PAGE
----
turned around and said, just give her
ice cold things, right, and
everything should be normal. They
assured her of that, and that's why
we brought her back home.
Do you recognise the picture that's
been portrayed of you as strict
I'm not a strict parent in any way
whatsoever, right. I'm as English as
anybody can picture me, right. But
obviously the police portrayal of me
Did you ever mind Shafelia wearing
western clothes or listening to pop
music or doing things other teenagers
No, on the contrary. We actually
brought the clothes for her, right,
so why should we? The other girls
have got the same clothes as well. So
there's nothing not normal about it.
Their lawyer believes that the family
have been treated differently by the
police because of their ethnic
origin; that they have been
stereotyped in a particular way. At a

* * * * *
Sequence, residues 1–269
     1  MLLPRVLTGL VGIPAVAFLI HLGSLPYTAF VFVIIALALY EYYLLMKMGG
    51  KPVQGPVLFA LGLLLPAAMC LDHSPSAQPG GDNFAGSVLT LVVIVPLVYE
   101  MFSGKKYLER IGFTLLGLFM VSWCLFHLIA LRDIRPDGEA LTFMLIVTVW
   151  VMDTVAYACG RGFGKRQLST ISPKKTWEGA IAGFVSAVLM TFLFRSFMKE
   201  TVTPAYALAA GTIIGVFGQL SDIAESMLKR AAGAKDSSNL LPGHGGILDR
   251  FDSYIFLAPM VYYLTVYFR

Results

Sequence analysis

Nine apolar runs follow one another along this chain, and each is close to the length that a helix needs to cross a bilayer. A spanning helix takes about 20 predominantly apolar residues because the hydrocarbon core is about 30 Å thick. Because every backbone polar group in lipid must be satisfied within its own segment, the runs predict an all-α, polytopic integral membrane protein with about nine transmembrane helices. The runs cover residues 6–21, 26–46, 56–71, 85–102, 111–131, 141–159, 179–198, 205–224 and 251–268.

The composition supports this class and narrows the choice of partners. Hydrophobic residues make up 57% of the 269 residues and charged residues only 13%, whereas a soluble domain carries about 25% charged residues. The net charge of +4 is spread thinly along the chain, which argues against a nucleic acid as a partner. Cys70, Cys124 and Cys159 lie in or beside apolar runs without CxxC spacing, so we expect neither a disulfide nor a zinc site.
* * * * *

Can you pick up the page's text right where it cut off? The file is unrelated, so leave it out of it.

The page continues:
press conference last week, they
walked in to try and put their side
of the story.
We don't believe that we have been
treated fairly. And that's obviously
one's opinion, right, the way
everything has been put forward.
LAWYER FOR THE AHMED FAMILY:
I think the authorities have jumped
in very quickly, because this is an
Asian family, and they have drawn the
incorrect inferences, as a result of
which they have taken action they
otherwise would not have taken when
they took it.
It's an accusation that the police
DS JOHN ARMSTRONG
We have not been guilty of racial
stereotyping. We have understood from
the outset there are some
sensitivities surrounding the
investigation into the disappearance
of Asian girls. We have worked very
hard with the local community, we
have worked with the wider Asian
community, we have engaged experts,
people who have got a great deal of
experience in helping police with
this sort of inquiry. There are
people on a national basis we have
consulted. We followed many lines of
inquiry, and all our inquiries are
intent on focusing us on what's
actually happened to Shafelia.
Everyone's worst fears were confirmed
when a body found near the River Kent